out, and our own Newel Post ignored, "ausrotten" is attested as 
meaning "to extirpate" as early as the 16th century.  If you want
to look at historical meanings, then you ought to check out historical
dictionaries rather than a dictionary that happens to be a best seller.

I went to the library and looked up "ausrotten" in the Grimm Brothers'
dictionary (Grimm, J., and W. Girmm, _Deutsches Woerterbuch_, Leipzig:
S. Hirzel, 1854), which predates the use we are interested in by some
ninety years.  They define "ausrotten" as "exstirpare, ausreuten" 
(volume 1, column 940), and give numerous historical citations under
both "ausrotten" (e.g. Joshua 7:9, "und unsern namen ausrotten von der erden")
and "ausreuden" (e.g. Zeph. 1:3 -- Luther's translation -- "ja, ich wil
die menschen ausreuten aus dem lande, spricht der herr.")  The Grimm
brothers' dictionary also mentions (also on column 940; "ausreuden" is
in column 935) under "ausroden" "doch verwendet man die niederdeutsche
form nur fuer die sinnliche bedeutung, nicht fuer die abstracte des
austilgens:  er rodete die baeume aus."

In other words, Roessler is completely right and lamppost completely
wrong.  I doubt this comes as a surprise to anyone, although I'd be
interested in knowing if these historical citations are sufficient for
Hexham.

					Ricahrd Schultz


From: mstein@access3.digex.net (Michael P. Stein)
Newsgroups: alt.revisionism
Subject: Re: Aussrotten
Date: 24 Aug 1994 01:06:38 -0400
Organization: Express Access Online Communications, Greenbelt, MD USA
Message-ID: <33ekgu$cd9@access3.digex.net>
References:   <03TRBNYS@gwdu03.gwdg.de> 

In article ,
  wrote:
>Uwe, the idea that you are in Germany and a German should somehow send a
>jolt of fear through revisionists posting in the USA is somewhat
>"ansonderlich." It gives you no more authority than anyone else posting in
>alt.revisionism. 

    What a laugh.  Tim McCarthy is trying to convince us he knows more
about the German language than someone who has spoken it from birth. 
Tim's proven he doesn't even understand English verb tenses, let alone
German. 


>I want to thank Irving Hexham for the support and his valid argument. Here
>is what Langenscheidt's Grossworterbuch  has to say about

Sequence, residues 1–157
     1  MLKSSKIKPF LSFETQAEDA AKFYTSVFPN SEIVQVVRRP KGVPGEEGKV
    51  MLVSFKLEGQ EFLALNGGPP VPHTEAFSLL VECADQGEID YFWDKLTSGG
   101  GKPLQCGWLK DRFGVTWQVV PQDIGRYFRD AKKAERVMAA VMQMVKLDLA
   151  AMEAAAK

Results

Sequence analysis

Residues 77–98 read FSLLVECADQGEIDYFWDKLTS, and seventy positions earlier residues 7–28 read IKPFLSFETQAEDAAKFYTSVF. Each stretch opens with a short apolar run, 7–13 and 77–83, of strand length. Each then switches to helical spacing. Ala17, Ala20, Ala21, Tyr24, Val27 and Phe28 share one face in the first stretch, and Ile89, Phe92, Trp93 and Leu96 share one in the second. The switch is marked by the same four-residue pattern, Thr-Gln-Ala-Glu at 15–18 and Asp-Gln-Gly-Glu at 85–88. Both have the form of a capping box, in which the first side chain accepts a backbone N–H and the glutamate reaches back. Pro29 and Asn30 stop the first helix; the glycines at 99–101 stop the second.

>ausrotten:
>
>>aus rotten v/t  1. (Unkraut etc) uproot, root s.th. out
>>(od. up).
>>2. (Volk, Rasse etc) exterminate, wipe out, kill off 3. fig. (Uebel etc.)
>>eradicate, extirpate (beide a. med.) stamp-out, root out: nicht ausrotten
>- >ineradicable
>>Aus rottung f  1. uprooting (etc) 2. e-s Volkes etc:
>extermination >(Voelkermord) genocide: von der ~ bedrohte (Tier) Art -
>endangered species 3. fig., a. med. >eradication, extirpation
>
>I am really not impressed with Uwe Roessler's argument that because he is
>German, that makes him an automatic authority on the German language here
>in alt. revisionism.  I will put forth here that, definition 2 in both the
>verb and the noun are modern, sort of politically correct terms that are
>newer than definitions 1 for both the verb and noun. That is why they
>appear as the second definition, not the first, I think.

    You don't think very well.  You also don't read very well.  See that
little word in the first definition?  "Unkraut?"  You are such an expert
on the German language, you don't need me to tell you that that means
"weeds."  Do you know what the English word "context" means?  Probably
not. 


>By the way, here is what Langenscheidt's has to say about this new edition
>to their standard reference work: "In its adherence to the time-honoured
>principles embodied by the two volume Muret-Sanders German- English
>Dictionary and its concern to accommodate recent developments both in
>everyday language and specialized fields of knowledge, ..." 
>
>That choking sound you here is Uwe over in Germany choking on his